• FIG. 3B shows a plurality of structures 200 located on the same Si(001) substrate 110. A first SiO2 template layer 202 is formed on the substrate 110 by PECVD and photolithography patterns. The thickness of this layer is controlled via the deposition time and other parameters. For instance, the thickness is controlled to be less than the critical thickness necessary for nanotubes to grow on side surfaces of the SiO2 template layer (less than 1 micron, preferably less than 200 nm). DC magnetron sputtering is used to controllably pattern a first porous ITO template layer 204 on a portion of the first SiO2 layer 202. Concurrently, a second porous ITO template layer 206 is controllably patterned on a portion of the Si(001) substrate that is not capped by the first SiO2 layer 202. At temperatures near 775° C., the formation of an interfacial SiO2 layer 208 between the ITO layer 204 and the substrate 110 is thermodynamically favorable and is preferably between 5 and 8 nm thick. Optionally, a mask layer 210 of a non-catalytic masking material (e.g., gold) is deposited on a portion of the second ITO template layer 206. For example, the nominal thickness of the gold mask layer is 20 nm. A mixture of xylenes/ferrocene gas is introduced into a CVD tube furnace at a temperature ranging from 600 to 1100° C. Bundles of multi-walled carbon nanotubes 212 grow selectively and simultaneously on the first SiO2 layer 202, through the pores of the first ITO template layer 204, and through the pores of the second ITO template layer 206, but not on the mask layer 210 or on the exposed portions 214 of the Si(001) substrate. The growth rates of the CNTs differ depending on the template structure. As discussed previously, the thinner interfacial silica layer in ITO/Si(001) structures, compared to the thick SiO2 in ITO/SiO2 structures, results in a 60% lower CNT growth rate. Therefore, with a given flux of xylenes/ferrocene gas, the CNTs 212 will possess different heights with respect to the substrate surface, which may optionally be leveled to equal heights by polishing, etching, or ion bombardment. Optionally, the ITO layers are doped or otherwise treated so as to alter the growth rate of the CNTs or the nature of the electrical contacting of the CNTs. Optionally, a Pt top contact layer is deposited on one or more portions of the tops of the CNT bundles 212 for accessing the electrical, optical, or thermal properties of the CNT bundles. Therefore, CNTs of different height may be formed over the substrate during the same deposition step.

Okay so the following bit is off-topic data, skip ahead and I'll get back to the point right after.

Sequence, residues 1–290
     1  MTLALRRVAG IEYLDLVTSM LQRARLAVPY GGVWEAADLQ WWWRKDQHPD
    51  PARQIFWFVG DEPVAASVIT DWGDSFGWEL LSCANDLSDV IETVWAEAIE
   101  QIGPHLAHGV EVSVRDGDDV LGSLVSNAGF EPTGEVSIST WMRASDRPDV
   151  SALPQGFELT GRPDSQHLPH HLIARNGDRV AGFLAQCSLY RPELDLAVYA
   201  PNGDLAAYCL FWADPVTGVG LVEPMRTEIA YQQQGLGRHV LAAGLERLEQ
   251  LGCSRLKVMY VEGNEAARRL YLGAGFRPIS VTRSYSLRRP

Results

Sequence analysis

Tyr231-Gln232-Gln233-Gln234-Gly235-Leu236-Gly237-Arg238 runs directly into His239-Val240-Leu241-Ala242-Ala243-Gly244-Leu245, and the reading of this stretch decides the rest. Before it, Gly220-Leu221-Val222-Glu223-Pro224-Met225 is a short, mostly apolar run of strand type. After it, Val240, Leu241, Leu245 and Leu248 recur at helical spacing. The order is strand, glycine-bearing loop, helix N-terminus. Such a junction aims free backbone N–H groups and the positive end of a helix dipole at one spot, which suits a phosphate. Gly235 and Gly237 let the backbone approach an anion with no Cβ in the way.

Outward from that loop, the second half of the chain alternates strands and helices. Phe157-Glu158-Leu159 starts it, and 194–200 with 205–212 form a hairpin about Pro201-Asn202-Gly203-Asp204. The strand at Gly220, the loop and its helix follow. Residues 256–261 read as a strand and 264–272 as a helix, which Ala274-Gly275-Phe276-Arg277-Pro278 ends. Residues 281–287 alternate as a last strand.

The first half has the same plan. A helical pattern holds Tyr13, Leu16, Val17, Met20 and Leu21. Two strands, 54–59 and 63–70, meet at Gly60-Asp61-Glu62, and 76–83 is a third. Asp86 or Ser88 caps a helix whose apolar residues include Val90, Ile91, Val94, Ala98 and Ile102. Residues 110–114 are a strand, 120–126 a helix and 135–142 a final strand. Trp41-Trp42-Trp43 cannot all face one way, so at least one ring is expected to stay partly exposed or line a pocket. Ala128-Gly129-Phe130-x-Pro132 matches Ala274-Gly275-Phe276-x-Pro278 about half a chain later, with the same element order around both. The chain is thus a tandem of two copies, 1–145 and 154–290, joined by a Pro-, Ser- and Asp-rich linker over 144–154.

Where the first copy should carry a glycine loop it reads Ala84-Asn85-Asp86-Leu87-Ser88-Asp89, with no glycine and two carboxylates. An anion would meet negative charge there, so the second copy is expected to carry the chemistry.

• FIG. 3C shows a plurality of structures 300 located on the same Si(001) substrate 110. A first and second SiO2 template structures 302, 304 are patterned at predetermined distances from each other, with opposite sidewalls parallel to and facing each other. For instance, the SiO2 template structures 302, 304 are substantially cubic in shape and possess thicknesses above the substrate 110 that are greater than the critical thickness necessary for nanotubes to grow from the sidewalls of the template structure (greater than 200 nm, preferably greater than 1 micron). A first and second ITO template layer 306, 308 is deposited on all five sides of the first and second SiO2 template structures 302, 304, respectively. Optionally, at least one of the five sides of the template structures 302, 304 is masked with an optional masking layer. For instance, the substrate 110 containing the template structures 302, 304 is placed into a sputtering apparatus and is tilted at 15 to 40 degrees relative to an incident sputtering beam, such that a gold masking layer is selectively sputtered onto an upper surface and at least one side surface of template structures 302, 304. Alternatively, the masking layer can be deposited only at desired locations by using a shadow mask, or through lift-off lithography techniques. Similarly, the ITO template layers 306, 308 optionally cover less than all five surfaces of the template structures 302, 304. Alternatively, one or more surfaces of the ITO template layers 306, 308 is covered with a masking layer. A mixture of xylenes/ferrocene gas is introduced into a CVD tube furnace at a temperature ranging from 600 to 1100° C. Bundles of multi-walled CNTs grow selectively and simultaneously on the ITO template layers 306, 308 and the SiO2 template structures 302, 304, but not on exposed areas of the substrate 110 or on the optional masking layer. CNTs growing in opposite directions 310, towards each other between patterns, cease to grow when they meet each other and form CNT-CNT interfaces 312. Template structures are not limited to structures of cubic shapes. For instance, the SiO2 and ITO structures can be cylindrical, possess side surfaces with oblique inclinations, comprise a membrane having an open truncated cone shape, or comprise other shapes. For instance, the ITO-covered Si mesa pattern in FIG. 1D facilitated the growth of CNTs in three orthogonal directions.